y had argued and declaimed. Now the Brother opened his satchel and took out a little box of wood and beaten gold, and after he had murmured words in his other language, he opened it. The clan around him made again that sound, of satisfaction, awe, fear, whatever it was.

  From his perch on the chair Dar Oakley peeked in. Inside the box was a small, yellowed meatless bone. Dar Oakley thought he knew where it had come from, and having lived so long with the Brothers, he felt a strange shudder of fear or guilt at what the Brother had done. The clan came close and bent over the box. Some of them knelt. All their eyes were on the bone, and it seemed to Dar Oakley that the pressure of their looking drew something from it: the fragment of toe or finger faintly but distinctly began to glow.

  “Blessed Saint,” the Brother addressed it, “who has helped us in the past. Help us now to defeat the enemies who afflict us. Help us to avenge those who have no kin of their own to do it. In Jesus’s name we ask this.”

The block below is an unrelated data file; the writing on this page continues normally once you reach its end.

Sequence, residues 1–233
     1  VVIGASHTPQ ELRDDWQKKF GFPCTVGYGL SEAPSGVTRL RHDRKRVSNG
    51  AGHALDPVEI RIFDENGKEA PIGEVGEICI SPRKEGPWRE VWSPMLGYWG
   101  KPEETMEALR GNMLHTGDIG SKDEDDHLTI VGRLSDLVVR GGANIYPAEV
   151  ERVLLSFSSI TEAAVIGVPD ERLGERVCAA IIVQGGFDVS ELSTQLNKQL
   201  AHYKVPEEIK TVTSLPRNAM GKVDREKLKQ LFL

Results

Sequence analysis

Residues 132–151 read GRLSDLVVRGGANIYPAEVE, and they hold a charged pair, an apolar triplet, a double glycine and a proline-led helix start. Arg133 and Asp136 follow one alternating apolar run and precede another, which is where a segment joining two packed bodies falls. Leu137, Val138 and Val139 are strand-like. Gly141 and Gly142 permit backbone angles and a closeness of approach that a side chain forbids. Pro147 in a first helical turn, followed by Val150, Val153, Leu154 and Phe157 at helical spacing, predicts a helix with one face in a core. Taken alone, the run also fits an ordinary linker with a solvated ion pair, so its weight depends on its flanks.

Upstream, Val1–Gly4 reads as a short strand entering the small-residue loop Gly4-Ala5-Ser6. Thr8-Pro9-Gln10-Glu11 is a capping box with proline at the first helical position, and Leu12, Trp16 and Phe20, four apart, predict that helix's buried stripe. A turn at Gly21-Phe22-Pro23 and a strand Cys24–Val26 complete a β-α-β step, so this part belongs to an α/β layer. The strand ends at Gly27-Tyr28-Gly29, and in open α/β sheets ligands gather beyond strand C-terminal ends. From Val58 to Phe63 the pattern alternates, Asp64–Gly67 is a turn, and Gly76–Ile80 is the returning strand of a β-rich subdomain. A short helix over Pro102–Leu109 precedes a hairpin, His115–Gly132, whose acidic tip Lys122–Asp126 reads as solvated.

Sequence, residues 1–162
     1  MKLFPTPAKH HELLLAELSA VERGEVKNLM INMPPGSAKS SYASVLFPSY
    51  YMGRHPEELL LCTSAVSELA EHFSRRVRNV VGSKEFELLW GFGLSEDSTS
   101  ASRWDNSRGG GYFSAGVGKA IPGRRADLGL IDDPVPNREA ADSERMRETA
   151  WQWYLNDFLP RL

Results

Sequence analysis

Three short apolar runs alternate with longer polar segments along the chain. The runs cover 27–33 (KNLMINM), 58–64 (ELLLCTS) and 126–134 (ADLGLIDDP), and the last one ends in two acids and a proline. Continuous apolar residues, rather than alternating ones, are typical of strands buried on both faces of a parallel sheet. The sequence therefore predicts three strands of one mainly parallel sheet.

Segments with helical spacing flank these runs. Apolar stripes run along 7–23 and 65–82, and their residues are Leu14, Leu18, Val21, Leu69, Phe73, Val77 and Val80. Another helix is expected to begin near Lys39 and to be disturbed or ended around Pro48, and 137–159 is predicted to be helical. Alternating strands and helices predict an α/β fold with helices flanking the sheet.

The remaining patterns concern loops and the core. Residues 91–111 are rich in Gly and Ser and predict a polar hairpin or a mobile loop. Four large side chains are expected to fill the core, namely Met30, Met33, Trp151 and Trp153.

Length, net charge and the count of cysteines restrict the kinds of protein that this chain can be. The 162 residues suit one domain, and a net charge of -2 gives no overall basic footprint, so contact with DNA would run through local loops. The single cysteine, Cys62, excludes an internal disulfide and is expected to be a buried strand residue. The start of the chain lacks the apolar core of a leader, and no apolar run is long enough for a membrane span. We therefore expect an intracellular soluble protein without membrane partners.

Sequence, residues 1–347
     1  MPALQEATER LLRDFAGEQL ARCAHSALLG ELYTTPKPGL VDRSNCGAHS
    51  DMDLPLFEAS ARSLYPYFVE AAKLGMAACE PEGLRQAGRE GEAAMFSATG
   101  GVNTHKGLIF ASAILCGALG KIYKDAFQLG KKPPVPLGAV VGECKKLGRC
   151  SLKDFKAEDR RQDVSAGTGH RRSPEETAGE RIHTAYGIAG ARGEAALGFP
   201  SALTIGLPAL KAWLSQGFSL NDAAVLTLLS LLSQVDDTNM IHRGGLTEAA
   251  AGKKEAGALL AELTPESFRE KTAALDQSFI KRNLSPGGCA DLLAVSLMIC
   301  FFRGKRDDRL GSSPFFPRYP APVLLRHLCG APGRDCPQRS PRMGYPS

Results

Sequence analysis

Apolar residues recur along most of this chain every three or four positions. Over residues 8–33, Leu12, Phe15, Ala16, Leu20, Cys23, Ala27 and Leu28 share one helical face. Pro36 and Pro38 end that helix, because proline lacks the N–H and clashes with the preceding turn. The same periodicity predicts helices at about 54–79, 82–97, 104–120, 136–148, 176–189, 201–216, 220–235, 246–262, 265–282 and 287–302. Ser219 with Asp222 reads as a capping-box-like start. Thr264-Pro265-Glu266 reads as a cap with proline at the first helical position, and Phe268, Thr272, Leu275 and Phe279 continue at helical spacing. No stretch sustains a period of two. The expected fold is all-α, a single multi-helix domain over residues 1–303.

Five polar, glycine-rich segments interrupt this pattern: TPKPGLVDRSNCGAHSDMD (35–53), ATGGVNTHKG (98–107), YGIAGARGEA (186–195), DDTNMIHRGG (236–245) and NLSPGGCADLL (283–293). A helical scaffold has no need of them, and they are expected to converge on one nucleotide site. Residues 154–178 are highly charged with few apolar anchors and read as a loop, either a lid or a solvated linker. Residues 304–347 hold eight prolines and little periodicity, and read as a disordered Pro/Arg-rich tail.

Dar Oakley, with all the others, bowed his head.

  Crows, flying singly and by twos and threes into the forest that covers the mountain. When some halt to rest, others coming on behind overfly them; when they rest, the ones that they passed pass them. The whole body of them moves forward that way, calling now and then to the scouts and those standing to watch over their passing, and their calls keep the flock—that part of it engaged in this action, the smart curious ones, the Biggers—together, going toward what they know they seek.

  On the faint track that goes through the trees and over the hump of the hill and down into the shadow of the glen, a small band of People hasten, two males and a female, a few Sheep, burdens, staves. When they have gone down from the sun-shot heights into the shadows, they stop; here the path goes through a narrow place between high rocks, and a stream has cut a passage. Overhead in the trees the Crows have noticed them, and some are already going back the way they came with the news: People on the trail, with their animals, vulnerable.

  The Wolves at their camp in caves overhung with vines and low-hanging branches of Yew look up: they hear the Crows, and by now can tell when those birds speak to their kind and when they speak to the Wolves. Clever birds! Calling their women, the Wolves begin to prepare, turning themselves into other beings, laughing, ululating.